I also got to leave some of the things I used to hate about myself behind. When I read fantasy novels I wasn’t a nerd or loser. I was a warrior going on a journey to save the world or a magician with hidden powers that no one understood. I felt like an underdog and fantasy novels are famous for turning the underdogs into the heroes of the tales.
5) If you could sit down with any character in your book, what would you ask them and why?
Oh, good question! Hmmmm. If I had to pick, I think I’d sit down with Serwa. She’s one of the main characters in the story and a very powerful witch. I think I’d ask her how she manages to carry all the burdens she does and how she handles people’s misconceptions about her. I don’t want to go into too much detail because her background has more explanation in the sequel. However, I will say that Serwa is one of the most misunderstood characters in the series. She’s often viewed as mean or a monster when in reality she’s trying to do what she can to save everyone.
6) What social media site has been the most helpful in developing your readership?
Twitter and Instagram are my favorite platforms. Specifically, Insta for readership but Twitter is good for branding and networking. I like Insta because it’s such a positive sight. Seems to me like it has less drama than other social media platforms.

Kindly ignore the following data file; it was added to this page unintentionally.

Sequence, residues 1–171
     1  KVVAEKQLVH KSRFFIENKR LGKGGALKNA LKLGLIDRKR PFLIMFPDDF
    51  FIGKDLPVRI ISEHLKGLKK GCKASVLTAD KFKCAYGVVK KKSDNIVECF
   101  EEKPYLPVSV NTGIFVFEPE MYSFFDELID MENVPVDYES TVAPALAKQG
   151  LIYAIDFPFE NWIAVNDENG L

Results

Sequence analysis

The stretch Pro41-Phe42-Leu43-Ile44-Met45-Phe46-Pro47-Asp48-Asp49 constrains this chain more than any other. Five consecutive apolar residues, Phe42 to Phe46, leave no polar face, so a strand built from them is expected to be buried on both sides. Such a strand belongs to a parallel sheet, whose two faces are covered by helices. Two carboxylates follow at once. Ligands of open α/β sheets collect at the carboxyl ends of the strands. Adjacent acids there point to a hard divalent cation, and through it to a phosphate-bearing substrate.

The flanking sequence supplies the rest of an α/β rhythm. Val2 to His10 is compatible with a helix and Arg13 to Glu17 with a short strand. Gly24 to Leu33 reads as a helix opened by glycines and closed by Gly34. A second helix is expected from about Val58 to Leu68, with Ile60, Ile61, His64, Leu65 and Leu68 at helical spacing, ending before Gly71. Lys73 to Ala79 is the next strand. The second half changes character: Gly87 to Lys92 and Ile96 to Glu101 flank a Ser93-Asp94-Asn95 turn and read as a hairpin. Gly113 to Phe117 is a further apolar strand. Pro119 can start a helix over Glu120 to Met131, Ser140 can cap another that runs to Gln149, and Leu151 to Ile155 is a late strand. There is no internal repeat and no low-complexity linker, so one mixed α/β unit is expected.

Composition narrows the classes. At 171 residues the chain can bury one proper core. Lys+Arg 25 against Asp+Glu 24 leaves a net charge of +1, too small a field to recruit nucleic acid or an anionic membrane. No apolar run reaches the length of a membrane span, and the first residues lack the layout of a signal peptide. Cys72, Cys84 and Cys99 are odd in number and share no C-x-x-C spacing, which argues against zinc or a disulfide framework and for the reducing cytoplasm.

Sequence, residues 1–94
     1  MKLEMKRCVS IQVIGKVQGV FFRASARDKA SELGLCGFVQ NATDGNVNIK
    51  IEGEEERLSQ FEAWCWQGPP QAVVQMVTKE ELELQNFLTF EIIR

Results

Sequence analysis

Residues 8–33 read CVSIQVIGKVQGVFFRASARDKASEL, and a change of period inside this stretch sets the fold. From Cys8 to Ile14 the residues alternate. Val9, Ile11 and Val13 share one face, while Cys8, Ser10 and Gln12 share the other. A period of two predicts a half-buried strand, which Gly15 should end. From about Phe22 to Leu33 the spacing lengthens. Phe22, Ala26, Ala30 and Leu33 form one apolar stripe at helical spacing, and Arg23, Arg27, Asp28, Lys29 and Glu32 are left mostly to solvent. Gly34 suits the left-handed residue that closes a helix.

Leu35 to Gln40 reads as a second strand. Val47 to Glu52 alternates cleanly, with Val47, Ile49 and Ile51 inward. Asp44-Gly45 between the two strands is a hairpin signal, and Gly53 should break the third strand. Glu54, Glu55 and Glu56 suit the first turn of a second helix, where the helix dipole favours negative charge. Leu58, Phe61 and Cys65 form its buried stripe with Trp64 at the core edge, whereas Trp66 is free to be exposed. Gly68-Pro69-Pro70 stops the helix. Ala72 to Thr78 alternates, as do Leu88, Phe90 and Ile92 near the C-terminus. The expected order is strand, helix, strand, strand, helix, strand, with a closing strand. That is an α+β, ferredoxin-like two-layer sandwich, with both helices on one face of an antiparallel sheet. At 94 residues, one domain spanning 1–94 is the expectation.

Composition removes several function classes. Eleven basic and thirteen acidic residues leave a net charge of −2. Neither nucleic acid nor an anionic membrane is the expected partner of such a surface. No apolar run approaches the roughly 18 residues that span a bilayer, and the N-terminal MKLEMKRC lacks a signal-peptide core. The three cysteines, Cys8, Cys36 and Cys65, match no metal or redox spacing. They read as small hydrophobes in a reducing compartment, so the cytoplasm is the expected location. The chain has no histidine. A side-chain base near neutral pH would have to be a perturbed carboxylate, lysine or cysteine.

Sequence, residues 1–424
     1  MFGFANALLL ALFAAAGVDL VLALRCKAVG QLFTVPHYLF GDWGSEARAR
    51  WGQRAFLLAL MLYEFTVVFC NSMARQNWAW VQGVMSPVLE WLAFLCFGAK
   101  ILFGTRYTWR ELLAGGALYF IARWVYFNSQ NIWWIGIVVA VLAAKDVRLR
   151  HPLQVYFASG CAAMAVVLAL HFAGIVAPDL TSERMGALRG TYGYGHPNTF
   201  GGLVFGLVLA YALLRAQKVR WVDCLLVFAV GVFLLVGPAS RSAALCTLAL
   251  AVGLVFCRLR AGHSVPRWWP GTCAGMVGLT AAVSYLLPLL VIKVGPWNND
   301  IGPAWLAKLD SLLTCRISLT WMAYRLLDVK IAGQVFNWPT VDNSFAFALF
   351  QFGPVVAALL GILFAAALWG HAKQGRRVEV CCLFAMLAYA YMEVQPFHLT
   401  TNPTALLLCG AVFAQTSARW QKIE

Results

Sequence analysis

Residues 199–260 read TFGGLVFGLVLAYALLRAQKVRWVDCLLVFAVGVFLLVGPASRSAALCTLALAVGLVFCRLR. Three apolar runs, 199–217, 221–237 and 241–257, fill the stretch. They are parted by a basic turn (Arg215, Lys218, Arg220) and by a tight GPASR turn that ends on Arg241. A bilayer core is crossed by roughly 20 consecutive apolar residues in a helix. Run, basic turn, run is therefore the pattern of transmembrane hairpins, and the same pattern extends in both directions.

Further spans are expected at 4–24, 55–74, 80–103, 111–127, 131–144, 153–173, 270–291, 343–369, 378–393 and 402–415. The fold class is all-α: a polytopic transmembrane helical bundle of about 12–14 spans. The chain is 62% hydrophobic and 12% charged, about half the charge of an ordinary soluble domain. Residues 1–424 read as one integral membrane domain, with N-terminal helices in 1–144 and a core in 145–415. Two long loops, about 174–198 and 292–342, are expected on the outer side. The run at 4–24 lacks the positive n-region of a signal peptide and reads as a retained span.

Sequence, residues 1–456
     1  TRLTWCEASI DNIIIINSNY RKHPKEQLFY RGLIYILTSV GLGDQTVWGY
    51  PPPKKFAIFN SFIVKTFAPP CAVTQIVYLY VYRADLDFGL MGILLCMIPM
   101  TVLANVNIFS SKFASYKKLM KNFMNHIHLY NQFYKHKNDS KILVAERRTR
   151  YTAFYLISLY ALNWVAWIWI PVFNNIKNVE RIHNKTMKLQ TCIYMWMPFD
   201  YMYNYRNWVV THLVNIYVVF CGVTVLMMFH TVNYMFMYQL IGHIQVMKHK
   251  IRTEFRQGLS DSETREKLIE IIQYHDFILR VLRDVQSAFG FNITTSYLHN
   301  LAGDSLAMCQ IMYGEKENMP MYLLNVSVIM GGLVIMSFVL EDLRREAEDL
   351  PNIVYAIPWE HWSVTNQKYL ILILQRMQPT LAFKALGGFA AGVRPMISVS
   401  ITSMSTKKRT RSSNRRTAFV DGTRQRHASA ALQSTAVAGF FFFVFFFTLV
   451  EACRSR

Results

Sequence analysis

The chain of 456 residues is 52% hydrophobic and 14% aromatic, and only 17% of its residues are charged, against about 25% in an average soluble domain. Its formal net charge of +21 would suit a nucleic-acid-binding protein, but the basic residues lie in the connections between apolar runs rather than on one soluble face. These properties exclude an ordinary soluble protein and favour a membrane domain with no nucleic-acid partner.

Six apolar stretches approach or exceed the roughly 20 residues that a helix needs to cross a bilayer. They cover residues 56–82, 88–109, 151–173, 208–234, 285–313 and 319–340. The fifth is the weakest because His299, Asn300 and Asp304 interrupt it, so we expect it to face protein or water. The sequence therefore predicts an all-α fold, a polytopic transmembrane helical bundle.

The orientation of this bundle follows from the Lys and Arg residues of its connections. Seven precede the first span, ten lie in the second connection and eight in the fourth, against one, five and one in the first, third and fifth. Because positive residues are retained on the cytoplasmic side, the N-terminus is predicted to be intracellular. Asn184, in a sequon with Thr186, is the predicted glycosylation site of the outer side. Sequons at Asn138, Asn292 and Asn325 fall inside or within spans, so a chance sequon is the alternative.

7) What advice would you give to aspiring or just starting authors out there?
“Write your way through life.” That’s my mantra because, like any form of art, writing is an outlet. When life gets tough (which it always does) write out all madness, the beauty, the good and the ugly. It’s a healthy form of expression.
Beyond that, I’d say take any marketing classes you can and build your platform now! The sooner you build your platform, the more opportunities you’ll have to test what works best for your brand and how best to develop it.
8) What does the future hold in store for you? Any new books/projects on the horizon?
Lots of new projects. After “The Pariah Child & the Ever-Giving Stone” is released into the world, I plan on publishing my second novel. It’s tentatively titled “The Woman In the Tree” and is an Arthurian legend retelling that takes a different spin on how Arthur became king. I’m already writing the book, so it won’t be too long a wait.
Once that’s done, the sequel to The Pariah Child is next on my list.
Natasha Lane enjoys reading a wide variety of genres, but fantasy has always been dear to her heart. After a brief stint in romance, Natasha’s returned to fantasy and currently has two works in the making. She plans on releasing her first fantasy novel “The Pariah Child & the Ever-Giving Stone” March 22, 2018.
Natasha hopes one day to be a well known published author, whose writing informs as well as entertains her reader.
Besides being a bookworm, Natasha is a documentary junkie, rom-com addict, health advocate, entrepreneur, and chef (in her own way).
She currently resides in Baltimore, MD. Despite where life may take her, one thing is certain. Natasha will always keep writing.